Monday, December 6, 2021
Mitochondrial Health

Primary Lateral Sclerosis — Unicorn, Dragon or Other Mythological Beast?



Lauren Elman, M.D., associate professor of neurology at the Hospital of the University of Pennsylvania and Penn Medicine, discusses her research with primary lateral sclerosis (PLS), a rare motor neuron disease often mistaken for ALS. #PrimaryLateralSclerosis #JohnsHopkins https://www.hopkinsmedicine.org/neurology_neurosurgery/clinical-trials/als-clinical-trials/

CHAPTERS:
2:15 PLS History
6:48 Natural History of PLS
14:31 Clinical Care in PLS
15:37 What’s needed to conduct PLS clinical trials?
18:06 Neuropathology of PLS
27:23 Consensus Diagnostic Criteria
35:32 Neurobiology of PLS
38:19 Genetics of PLS
39:03 Are ALS and PLS part of a spectrum of disease?
40:22 Biomarkers in PLS
43:34 Neuroimaging in PLS
47:24 Measuring PLS Progression
54:16 Clinical Trial Targets — Symptomatic
55:31 Clinical Trial Targets — Disease Modifying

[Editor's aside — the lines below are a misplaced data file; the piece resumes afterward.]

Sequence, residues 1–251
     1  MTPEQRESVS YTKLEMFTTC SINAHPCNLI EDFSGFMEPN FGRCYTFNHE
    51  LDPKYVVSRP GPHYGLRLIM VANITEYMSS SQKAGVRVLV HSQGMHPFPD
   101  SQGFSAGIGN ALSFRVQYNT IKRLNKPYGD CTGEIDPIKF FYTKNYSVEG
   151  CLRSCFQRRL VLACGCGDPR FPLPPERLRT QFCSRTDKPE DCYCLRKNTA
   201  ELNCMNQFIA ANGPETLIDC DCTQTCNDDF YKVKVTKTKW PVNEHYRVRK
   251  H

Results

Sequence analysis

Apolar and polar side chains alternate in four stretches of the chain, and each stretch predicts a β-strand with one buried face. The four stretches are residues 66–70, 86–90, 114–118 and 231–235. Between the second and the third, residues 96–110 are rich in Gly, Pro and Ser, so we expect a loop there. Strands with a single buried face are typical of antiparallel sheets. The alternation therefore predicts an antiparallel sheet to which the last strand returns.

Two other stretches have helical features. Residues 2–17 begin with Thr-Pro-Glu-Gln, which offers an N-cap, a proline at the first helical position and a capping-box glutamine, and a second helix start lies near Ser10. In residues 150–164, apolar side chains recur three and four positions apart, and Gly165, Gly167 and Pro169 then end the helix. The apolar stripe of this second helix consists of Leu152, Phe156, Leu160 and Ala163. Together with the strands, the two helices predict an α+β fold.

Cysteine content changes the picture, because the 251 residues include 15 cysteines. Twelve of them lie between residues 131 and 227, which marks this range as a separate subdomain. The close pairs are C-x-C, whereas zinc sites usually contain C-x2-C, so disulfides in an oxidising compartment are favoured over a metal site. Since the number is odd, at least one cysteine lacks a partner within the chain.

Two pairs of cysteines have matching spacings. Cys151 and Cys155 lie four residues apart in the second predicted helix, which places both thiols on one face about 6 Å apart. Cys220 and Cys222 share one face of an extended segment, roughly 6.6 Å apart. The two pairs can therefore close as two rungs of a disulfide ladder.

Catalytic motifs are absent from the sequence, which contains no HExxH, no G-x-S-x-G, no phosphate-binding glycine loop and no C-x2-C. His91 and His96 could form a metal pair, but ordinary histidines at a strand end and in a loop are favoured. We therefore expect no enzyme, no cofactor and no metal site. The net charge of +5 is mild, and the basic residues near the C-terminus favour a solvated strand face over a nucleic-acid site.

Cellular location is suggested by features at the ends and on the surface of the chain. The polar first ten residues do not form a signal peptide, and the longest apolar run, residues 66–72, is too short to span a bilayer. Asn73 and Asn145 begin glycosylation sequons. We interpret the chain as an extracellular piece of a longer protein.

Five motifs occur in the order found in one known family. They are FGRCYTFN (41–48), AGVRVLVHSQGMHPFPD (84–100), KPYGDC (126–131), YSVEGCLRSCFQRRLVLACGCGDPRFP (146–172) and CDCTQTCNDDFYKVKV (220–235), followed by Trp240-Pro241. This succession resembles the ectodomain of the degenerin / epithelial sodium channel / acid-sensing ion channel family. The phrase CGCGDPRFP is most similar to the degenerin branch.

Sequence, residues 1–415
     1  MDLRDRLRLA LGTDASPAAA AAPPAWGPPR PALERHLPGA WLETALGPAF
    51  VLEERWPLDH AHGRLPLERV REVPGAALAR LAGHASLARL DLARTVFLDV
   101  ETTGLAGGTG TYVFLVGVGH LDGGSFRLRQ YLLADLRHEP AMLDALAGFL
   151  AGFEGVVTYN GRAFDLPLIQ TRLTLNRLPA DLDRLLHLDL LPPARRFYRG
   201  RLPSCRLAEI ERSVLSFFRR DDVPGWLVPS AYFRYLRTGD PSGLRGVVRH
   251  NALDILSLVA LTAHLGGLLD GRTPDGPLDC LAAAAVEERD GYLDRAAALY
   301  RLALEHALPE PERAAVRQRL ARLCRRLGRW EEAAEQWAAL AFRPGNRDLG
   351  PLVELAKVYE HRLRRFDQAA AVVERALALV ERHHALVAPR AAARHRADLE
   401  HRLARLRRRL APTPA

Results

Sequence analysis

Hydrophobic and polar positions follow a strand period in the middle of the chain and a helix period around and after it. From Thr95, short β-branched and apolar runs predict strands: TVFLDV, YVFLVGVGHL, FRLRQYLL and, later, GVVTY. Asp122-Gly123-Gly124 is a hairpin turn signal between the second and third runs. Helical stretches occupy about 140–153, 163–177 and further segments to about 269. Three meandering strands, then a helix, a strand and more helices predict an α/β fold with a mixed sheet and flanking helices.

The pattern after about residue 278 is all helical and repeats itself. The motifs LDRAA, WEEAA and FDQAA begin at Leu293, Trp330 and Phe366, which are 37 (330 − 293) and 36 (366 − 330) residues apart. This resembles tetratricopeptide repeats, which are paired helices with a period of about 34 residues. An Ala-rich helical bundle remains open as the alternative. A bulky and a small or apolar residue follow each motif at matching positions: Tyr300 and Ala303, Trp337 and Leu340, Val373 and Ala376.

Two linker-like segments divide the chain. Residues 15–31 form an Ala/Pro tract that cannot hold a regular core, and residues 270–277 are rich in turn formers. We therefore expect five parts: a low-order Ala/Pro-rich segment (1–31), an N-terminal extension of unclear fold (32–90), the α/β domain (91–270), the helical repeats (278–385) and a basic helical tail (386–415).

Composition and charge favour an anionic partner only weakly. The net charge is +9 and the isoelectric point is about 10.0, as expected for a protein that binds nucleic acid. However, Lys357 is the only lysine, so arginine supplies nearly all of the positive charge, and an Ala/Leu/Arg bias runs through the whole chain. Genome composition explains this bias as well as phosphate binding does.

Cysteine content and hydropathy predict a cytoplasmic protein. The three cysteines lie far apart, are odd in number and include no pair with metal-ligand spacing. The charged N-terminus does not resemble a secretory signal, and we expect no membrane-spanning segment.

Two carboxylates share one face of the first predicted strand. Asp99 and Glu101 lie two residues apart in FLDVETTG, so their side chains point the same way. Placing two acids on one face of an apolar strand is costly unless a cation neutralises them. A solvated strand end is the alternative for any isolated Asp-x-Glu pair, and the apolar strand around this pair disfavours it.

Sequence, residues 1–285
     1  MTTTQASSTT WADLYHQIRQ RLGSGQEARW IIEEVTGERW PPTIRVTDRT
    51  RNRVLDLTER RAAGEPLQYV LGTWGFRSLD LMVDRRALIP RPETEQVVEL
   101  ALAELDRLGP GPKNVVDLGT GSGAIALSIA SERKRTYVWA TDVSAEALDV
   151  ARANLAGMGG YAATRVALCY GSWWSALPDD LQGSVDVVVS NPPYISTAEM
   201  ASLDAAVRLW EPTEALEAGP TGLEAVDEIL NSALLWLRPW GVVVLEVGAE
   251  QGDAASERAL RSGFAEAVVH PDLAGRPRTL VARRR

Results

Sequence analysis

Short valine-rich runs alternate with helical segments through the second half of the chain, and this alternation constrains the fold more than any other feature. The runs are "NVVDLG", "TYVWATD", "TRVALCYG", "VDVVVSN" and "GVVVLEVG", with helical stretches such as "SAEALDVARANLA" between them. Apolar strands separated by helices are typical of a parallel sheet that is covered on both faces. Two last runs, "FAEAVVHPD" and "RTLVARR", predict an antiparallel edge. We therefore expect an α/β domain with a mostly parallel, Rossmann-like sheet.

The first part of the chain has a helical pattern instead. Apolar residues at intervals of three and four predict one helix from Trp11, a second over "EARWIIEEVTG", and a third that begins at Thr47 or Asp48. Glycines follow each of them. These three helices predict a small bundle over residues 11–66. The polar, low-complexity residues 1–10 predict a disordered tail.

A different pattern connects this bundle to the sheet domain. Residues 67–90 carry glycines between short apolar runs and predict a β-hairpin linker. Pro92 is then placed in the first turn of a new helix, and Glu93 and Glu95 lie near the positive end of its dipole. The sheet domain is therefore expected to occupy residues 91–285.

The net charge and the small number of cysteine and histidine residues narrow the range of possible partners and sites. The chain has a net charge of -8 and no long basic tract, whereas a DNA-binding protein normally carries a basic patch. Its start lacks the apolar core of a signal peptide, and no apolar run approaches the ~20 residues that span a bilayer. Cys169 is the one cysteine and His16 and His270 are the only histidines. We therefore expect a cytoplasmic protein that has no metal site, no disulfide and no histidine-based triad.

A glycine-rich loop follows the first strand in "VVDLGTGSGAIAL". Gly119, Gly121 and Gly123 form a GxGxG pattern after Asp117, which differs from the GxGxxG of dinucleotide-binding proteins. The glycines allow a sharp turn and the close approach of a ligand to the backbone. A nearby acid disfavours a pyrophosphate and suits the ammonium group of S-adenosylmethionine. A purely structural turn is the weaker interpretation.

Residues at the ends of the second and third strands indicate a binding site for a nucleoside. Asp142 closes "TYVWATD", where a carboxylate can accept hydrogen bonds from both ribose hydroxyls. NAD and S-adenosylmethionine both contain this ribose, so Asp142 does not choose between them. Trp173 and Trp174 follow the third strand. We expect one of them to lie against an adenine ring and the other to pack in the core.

1:03:20 Conclusion

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One thought on “Primary Lateral Sclerosis — Unicorn, Dragon or Other Mythological Beast?
  1. Concerning the etiology of PLS, are there studies of the possible role of the expansion of trinucleotide repeats in PLS?
    Sometimes an inadvertent methylation of a cytosine in a CAG triplet, followed by spontaneous deamination of said cytosine, may transform it in thymine, producing then a stop codon ( TAG instead of the original CAG that codes for glutamine ).
    Perhaps the inadvertent formation of stop codons could produce smaller peptides that could mimic nuclear localization signal peptides that would allow the intrusion of neuron nuclei. Ribosomal slippage events inside mitocondrial DNA should also be investigated as a possible source of instructions to produce peptides which, in the event of reaching the cell cytoplasm, might account for neuronal degeneration.

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